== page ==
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Apr 18

Yesterday’s op-ed piece by Josh Gordon in the Vancouver Sun ("Speculation tax is essential for housing affordability") should be shredded and composted across the province as potent fertilizer to the spring growing season, so pure is the horse manure contained therein.  Bumper crops would be assured.

Mr. Gordon, assistant professor in the School of Public Policy at Simon Fraser University, attempts a robust defense of the tax, a wrong-headed initiative germinated in the first place by fellow luminaries at the University of B.C.  It makes one wonder whether the professors have been indulging overmuch in that famous B.C. bud. A short vacation from academic haze to the real world is overdue, I think.

The initial concerns and problems with the tax “have now been addressed”, claims Mr. Gordon, before he goes on to completely ignore the disproportionate effect of the speculation levy on fellow Canadians.  Out-of-province Canadians with vacation homes in B.C. will be still be on the hook for a one percent annual levy on the assessed value of their property:  for a $500,000 home, that means an extra five grand in taxes, each year, every year.

With fully 81% of British Columbians in support of the speculation tax it would seem to be a smash home-run as policy, a sure-fire political winner.

Maybe.  But just because something seems initially “popular” doesn’t make it right, or even popular.

It’s all in the framing, and the question put to British Columbians frames the tax, wrongly, as a “speculation” tax.  As B.C. Liberal leader Andrew Weaver rightly pointed out in the legislature:

“A speculator is someone who buys a property solely to flip it. A speculator is someone who parks offshore money in our real estate, hoping to protect themselves from the turmoil in global markets. A speculator is someone who uses bare trusts to avoid paying property transfer taxes, thereby allowing multiple sales and resales with no change in title.A speculator is not someone who pays taxes here and owns a vacation cottage. These folk are not trying to capitalize on our out-of-control housing market.”One might just as well have advanced this question to British Columbians, as its equivalent: “Do you think we should punish greedy people who are shamelessly earning big profits off the backs of hard-working British Columbians while contributing nothing to the provincial economy?”  If that question garnered much less than 100% support I’d be gob-smacked.  I’d say "yes", too.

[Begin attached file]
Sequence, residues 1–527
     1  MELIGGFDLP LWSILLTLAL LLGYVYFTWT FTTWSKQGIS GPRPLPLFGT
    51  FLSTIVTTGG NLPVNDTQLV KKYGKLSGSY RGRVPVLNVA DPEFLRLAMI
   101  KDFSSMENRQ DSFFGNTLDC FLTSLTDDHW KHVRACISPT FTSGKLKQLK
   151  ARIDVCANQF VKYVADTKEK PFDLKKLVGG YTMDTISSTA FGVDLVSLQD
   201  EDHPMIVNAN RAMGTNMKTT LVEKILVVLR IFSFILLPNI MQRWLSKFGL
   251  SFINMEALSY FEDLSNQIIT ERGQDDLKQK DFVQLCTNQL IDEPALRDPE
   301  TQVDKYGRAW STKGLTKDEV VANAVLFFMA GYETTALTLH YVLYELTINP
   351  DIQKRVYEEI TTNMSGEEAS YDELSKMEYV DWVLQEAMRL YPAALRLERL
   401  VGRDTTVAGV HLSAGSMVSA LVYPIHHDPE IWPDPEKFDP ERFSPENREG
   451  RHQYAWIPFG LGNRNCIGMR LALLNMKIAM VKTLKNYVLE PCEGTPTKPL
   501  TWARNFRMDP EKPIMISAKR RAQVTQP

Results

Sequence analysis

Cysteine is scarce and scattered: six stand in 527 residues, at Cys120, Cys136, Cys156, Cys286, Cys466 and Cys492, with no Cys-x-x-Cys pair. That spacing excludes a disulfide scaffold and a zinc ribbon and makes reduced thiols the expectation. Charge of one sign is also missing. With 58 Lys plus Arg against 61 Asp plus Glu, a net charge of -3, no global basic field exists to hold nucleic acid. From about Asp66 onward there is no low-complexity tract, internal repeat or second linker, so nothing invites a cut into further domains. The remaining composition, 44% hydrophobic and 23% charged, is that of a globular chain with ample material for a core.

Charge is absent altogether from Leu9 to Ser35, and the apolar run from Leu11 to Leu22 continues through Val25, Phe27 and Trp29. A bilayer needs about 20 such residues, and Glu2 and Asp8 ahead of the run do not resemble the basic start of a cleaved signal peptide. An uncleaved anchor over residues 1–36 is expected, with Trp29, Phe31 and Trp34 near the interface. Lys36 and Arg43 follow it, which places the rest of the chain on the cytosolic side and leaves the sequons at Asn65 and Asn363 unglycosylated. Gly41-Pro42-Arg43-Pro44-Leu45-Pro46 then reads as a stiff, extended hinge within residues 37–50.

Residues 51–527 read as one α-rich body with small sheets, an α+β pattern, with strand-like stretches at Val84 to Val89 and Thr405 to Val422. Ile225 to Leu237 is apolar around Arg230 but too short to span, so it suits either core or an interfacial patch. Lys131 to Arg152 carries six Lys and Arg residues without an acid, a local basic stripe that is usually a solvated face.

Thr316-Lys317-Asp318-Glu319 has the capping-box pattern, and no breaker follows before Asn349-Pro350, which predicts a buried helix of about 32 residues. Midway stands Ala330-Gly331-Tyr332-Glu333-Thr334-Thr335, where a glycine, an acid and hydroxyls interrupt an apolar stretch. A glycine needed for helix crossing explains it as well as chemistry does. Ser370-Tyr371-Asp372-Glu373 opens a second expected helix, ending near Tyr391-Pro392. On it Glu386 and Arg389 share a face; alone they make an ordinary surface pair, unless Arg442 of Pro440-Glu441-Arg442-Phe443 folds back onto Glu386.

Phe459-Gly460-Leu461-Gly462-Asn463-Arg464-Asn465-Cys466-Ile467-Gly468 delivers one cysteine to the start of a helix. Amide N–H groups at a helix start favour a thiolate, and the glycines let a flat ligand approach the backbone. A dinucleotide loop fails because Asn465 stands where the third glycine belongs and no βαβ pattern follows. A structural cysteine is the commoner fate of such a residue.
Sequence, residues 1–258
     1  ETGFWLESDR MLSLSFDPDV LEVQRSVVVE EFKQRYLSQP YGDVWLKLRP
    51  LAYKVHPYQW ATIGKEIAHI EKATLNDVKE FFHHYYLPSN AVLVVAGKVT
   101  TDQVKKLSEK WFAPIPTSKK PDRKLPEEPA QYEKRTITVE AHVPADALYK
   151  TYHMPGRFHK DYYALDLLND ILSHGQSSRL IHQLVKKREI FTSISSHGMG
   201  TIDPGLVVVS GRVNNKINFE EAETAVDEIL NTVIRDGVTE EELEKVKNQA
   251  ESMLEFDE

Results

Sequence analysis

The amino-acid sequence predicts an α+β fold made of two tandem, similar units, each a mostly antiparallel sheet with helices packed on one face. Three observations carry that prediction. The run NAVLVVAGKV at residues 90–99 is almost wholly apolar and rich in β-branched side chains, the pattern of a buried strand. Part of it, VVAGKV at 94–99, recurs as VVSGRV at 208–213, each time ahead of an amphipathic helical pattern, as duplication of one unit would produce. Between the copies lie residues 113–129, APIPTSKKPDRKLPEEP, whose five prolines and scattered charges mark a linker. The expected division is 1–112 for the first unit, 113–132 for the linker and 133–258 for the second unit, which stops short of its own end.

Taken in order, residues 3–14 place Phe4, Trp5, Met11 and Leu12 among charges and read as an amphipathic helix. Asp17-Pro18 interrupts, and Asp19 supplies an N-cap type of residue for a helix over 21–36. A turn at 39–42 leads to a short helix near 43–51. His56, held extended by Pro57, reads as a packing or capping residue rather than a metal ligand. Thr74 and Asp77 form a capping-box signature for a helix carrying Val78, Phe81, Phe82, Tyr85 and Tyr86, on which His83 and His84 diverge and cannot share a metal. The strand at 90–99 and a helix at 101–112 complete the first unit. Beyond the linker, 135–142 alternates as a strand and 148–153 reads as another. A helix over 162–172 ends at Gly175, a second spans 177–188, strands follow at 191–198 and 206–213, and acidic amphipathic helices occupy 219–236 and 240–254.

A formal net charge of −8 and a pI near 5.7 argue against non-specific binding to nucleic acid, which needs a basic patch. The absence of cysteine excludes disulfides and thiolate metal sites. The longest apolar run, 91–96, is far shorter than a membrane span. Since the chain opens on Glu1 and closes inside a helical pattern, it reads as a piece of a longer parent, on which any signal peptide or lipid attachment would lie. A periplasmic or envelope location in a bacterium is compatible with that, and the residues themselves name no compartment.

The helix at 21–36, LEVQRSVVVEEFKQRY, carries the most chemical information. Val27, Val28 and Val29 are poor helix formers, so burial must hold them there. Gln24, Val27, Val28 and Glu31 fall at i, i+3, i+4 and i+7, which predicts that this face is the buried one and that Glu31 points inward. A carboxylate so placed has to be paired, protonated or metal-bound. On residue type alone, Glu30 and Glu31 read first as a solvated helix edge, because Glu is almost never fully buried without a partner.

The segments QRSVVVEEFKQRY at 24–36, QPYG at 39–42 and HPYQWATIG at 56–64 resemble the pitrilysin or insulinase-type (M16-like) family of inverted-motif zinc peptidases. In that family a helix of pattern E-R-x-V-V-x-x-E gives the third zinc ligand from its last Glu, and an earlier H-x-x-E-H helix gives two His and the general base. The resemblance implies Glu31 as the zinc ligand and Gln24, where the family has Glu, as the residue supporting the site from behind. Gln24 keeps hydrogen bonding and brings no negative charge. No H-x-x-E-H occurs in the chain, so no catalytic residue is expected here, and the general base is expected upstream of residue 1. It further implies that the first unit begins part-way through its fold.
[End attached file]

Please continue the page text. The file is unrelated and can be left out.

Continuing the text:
That the dishonest “speculation” question garnered only 81% support tells me that 19% of British Columbians took the time to properly understand the proposal, and to appreciate that “speculation” has nothing to do with it – it’s a tax grab, pure and simple, a poisonous brew peddled as healing elixir.

And it’s going to cause trouble, eventually.  If I surveyed my children as to “who wants ice cream” for dessert I’d expect unanimous approval.  But if I were to serve up boiled turnips instead, I’d have some push-back, to put it mildly.